- Bruno Ribeiro, Portuguese tenor making his TDO debut as Don José (Nov. 2, 8 & 10) who "gives rich voice to soulful pleadings" and was praised by Examiner.com for allowing "vulnerability to color his expressive tenor."
- Alek Shrader, making his TDO debut as Count Almaviva in The Barber of Seville, "showed himself gifted with a still youthful, energetic personality, and an emotional fire that burns passionately" according to San Francisco Classical Voice.
Among the notable artists returning to the Dallas Opera stage this year are:
- Donato DiStefano, one of the most sought-after buffo basses in the world, who most recently charmed Dallas audiences in the title role of Don Pasquale, and he rarely fails to steal the show. Wrote Gregory Sullivan Isaacs of Theater Jones, "Musically, he was unassailable; as an actor, he was believable and funny" in that critically acclaimed production.
- Mary Dunleavy "melds outstanding acting ability with a flexible and gorgeous voice" (William Thomas Walker,cvnc.org), characteristics on display in her tour de force portrayal of all four love interests in the Dallas Opera's 2005 production of Offenbach's The Tales of Hoffmann, earning rave reviews and that season's "Maria Callas Debut Artist of the Year Award."
- Nathan Gunn, charmed TDO audiences in the much darker role of The Lodger in Argento's The Aspern Papers last season. TheaterJones noted that "Gunn has one of the most beautiful baritone voices around, and is handsome in a Cary Grant sort of way." Nathan is sure to continue his love affair with Dallas audiences as Figaro in The Barber of Seville.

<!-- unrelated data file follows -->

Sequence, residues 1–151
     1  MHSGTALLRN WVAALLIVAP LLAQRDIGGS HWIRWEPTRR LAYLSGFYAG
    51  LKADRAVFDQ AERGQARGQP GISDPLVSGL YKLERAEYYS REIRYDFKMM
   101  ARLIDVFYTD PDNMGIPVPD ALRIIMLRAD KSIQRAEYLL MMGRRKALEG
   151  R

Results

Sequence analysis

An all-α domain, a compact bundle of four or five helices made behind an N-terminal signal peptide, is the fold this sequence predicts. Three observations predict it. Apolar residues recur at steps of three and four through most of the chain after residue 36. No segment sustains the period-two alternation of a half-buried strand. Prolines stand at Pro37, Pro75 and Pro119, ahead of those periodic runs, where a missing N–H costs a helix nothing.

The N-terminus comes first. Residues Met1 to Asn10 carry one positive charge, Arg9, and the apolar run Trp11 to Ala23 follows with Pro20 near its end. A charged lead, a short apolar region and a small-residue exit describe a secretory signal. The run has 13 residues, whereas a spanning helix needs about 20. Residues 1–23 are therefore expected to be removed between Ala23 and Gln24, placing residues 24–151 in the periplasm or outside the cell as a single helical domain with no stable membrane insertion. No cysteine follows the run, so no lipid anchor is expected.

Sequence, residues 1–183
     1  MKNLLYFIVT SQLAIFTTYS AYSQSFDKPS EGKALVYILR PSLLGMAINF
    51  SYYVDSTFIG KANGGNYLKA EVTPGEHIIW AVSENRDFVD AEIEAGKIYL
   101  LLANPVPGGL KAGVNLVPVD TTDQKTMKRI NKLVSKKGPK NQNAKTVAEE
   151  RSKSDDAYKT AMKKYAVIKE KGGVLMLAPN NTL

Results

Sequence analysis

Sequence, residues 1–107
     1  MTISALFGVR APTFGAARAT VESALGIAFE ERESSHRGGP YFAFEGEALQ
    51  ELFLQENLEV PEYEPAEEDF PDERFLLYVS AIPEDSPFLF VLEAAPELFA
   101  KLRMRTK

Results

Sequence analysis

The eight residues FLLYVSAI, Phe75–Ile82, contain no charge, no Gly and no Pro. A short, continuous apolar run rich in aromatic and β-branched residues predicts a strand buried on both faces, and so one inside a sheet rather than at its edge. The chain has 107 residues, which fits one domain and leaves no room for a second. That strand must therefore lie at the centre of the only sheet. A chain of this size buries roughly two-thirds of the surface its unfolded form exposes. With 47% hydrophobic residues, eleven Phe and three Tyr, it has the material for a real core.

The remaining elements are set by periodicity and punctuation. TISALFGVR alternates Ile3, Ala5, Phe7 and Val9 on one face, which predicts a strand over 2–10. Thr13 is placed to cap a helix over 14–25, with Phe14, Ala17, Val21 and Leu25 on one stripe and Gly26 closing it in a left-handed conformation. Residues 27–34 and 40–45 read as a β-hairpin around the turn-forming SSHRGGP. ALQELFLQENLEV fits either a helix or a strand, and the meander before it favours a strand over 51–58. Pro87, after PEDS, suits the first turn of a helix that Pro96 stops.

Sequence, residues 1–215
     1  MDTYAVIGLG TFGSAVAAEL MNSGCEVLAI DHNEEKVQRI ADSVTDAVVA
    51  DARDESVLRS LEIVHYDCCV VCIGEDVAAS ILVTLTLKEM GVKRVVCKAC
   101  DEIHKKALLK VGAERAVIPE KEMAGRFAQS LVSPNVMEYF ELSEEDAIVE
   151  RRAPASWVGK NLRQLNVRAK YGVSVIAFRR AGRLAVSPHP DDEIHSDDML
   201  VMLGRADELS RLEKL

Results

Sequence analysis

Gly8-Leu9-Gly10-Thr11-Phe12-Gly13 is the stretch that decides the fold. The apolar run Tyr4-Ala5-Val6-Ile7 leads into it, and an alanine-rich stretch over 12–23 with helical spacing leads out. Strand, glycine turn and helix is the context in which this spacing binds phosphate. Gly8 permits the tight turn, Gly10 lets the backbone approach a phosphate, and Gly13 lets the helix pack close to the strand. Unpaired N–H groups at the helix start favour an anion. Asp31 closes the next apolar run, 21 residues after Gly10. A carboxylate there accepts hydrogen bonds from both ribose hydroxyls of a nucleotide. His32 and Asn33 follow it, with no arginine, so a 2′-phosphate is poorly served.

- Brandon Jovanovich, an American tenor singing the role of Don José (Oct. 25, 27 & 30), enthralled Dallas audiences in our 2010 production of Madame Butterfly (and was described by Huffington Post's Rodney Punt as the definitive Pinkerton of our time). He has been dazzling critics recently in the title role of Wagner's Lohengrin. San Francisco Chronicle Classical Music Critic Joshua Kosman wrote: "Jovanovich combined sweet-toned lyricism and ardent heroism in just the proportions required for this tricky role. His singing was thrillingly pure and tireless, his stage presence simultaneously tender and aloof."
- Jay Hunter Morris has been conquering the opera world, one production at a time. About his performance in the San Francisco revival of Jake Heggie and Gene Scheer's Moby-Dick, Mercury News critic Richard Scheinin wrote: "He sang with a pressurized fury that practically shook the seats of the War Memorial Opera House. Think Old Testament. Think King Lear." As Siegfried in the Metropolitan Opera's new Ring, Morris "found his own way to sing this heldentenor role with a lighter yet athletic and youthful sound. His clarion top notes projected nicely over the orchestra" (Anthony Tommasini, The New York Times).
- Robert Orth, "one of the finest singer/actors working in opera today" (Gregory Sullivan Isaacs, Theater Jones) made memorable Dallas Opera appearances as Officer 2/Blazes in our critically acclaimed 2012 production of Peter Maxwell Davies' The Lighthouse and as Stubb in the Dallas Opera world premiere of Jake Heggie and Gene Scheer's Moby-Dick, was praised by Heidi Waleson of The Wall Street Journal for giving the opera "a touch of levity."
- Morgan Smith made an indelible impression on Dallas audiences in the world premiere production of Jake Heggie and Gene Scheer's Moby-Dick. Critic Joshua Kosman of The San Francisco Chronicle felt that same depth of humanity in Smith's recent recap of the role: "The real star of the cast was baritone Morgan Smith, whose Starbuck joined vocal splendor, moral authority and deep empathy in a phenomenal combination."
Single tickets for the 2013-2014 Season are subject to dynamic pricing (the earlier they are purchased and the less-in-demand, the lower the price). Subscriptions are on sale now, starting at just $76. Inner Circle seating may be priced higher.